NASCAR recently announced it had completed its on-track development testing of the new Next Gen car and the manufacturer-specific designs from Ford, Chevrolet and Toyota have all been approved.
The new car was originally set to debut in the Cup Series this season but the COVID-19 pandemic delayed its on-track arrival until next season.
In all the testing thus far, the test cars had a manufacturer-generic overall design, but did include several prominent features that make them stand out from the current Cup Series models. They include far more stock-looking wheels and wheel well, body side molding and character lines, hood design and air exhaust vents built into the rear bumper.
While the cars will not have a new engine in 2022, Rushbrook said the cars have been designed to have the ability to change powertrains in the future.
“We are excited about what is in the NextGen car in terms of architecture of the car and improving the relevancy with the independent rear end suspension and the steering system,” he said. “We are future-proofing the car to enable hybrid in the future as well. We think that is important as our road car cycles changes to be able to race hybrid in this car as well.
“With the NextGen architecture with the car we are going to be racing in 2022 we have the ability to add hybrid without changing the internal combustion engine part of it. It allows you to put an electric motor into the system to drive the transaxle in parallel to the internal combustion engine.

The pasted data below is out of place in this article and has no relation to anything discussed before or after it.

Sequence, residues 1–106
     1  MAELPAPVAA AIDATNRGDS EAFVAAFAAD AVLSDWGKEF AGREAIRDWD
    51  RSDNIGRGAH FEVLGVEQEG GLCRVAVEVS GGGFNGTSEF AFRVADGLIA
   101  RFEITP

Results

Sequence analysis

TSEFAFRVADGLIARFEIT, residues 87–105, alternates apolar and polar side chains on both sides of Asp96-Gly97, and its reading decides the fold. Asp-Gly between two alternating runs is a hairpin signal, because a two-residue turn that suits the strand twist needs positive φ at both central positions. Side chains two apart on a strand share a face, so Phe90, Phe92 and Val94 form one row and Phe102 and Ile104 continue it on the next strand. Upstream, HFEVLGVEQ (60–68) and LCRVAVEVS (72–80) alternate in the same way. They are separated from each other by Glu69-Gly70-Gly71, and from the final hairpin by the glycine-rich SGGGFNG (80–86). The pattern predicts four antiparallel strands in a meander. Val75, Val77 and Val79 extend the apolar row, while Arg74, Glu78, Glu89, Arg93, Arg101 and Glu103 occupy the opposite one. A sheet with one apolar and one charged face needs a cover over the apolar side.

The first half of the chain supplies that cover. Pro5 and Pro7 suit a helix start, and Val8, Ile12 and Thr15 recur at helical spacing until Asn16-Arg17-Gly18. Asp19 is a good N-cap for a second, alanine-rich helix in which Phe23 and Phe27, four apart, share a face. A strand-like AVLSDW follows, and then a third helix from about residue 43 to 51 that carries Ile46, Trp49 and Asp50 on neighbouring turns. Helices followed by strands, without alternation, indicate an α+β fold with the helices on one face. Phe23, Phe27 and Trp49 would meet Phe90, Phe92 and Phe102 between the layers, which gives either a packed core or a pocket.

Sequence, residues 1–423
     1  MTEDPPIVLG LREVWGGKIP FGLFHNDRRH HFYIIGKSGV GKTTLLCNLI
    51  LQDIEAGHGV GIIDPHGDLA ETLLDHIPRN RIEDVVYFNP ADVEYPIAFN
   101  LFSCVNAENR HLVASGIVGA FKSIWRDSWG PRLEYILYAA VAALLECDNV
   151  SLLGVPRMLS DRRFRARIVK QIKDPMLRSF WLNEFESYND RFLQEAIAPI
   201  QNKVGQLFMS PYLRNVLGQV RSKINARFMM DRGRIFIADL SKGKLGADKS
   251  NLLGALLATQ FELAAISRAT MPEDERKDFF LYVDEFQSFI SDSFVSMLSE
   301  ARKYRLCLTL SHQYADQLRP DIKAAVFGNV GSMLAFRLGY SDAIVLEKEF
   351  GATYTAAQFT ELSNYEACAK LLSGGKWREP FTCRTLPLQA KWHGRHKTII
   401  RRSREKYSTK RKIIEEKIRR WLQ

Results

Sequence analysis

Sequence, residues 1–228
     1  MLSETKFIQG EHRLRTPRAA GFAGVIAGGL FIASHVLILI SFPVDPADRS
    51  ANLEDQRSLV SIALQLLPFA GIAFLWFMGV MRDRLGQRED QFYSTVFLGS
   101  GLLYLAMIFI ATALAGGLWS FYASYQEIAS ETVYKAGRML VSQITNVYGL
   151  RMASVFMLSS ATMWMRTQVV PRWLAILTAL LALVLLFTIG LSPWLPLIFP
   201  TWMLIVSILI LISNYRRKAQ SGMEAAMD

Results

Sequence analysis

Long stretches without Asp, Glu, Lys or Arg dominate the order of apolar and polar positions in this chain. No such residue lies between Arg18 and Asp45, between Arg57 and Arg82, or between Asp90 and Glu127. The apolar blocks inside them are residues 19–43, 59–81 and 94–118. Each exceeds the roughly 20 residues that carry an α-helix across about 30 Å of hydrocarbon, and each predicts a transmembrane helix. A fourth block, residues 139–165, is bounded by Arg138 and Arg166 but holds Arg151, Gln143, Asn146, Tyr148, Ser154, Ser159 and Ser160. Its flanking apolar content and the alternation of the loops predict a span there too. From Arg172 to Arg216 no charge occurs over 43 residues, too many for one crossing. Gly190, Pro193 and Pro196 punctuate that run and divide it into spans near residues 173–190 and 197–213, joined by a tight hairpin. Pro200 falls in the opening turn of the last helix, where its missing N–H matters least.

“What is most important for us is being able to learn about hybrid technology in the motorsports environment and we can do that with the NextGen chassis and the current internal combustion engine we are racing today.”
Team members make adjustments to the Nascar Next Gen car
Photo by: NASCAR Media
NASCAR President Steve Phelps has maintained from the beginning of the Next Gen car project that engine development would require a hybrid component.
“I do think for a new engine, that engine will have some type of electrification, some hybrid that will be part of it,” he said. “I know for a fact we will not have a new OEM unless we change our engine.”
Rushbrook said all parts of the Next Gen car development have been focused on making the cars more akin to what customers see in showrooms and on the road.
“I think that as our world continues to evolve at a rapid pace, also the automotive world, with the road car cycle plan of what we are going to be selling in the dealerships and what our competitors will be selling in the dealerships, that is going to just continue to accelerate,” he said.
“Internal Combustion Engines are still important to us today because we continue to sell the far majority of our vehicles today as combustion engines but we have a lot of hybrids that are on the road today and more and more hybrids coming.
“Hybrid is very relevant and we are still very interested in seeing that coming into the sport very quickly as well as full electric as we are shipping today our Mustang Mach-E’s to our customers.
The remaining testing of the Next Gen car this year will focus on three areas – Wheel Force Transducer (WFT) testing of all three car makes, Goodyear tire tests with the car, and much later in the season there will be organizational tests involving all the teams.
After hybrid technology, could the next logical step in race car design be electrification?
Maybe, Rushbrook said.
“We won’t be racing full electric anytime soon in the Daytona 500,” he said, “but at some point we think it is good for the sport to consider the option of when it does make sense to bring that in.”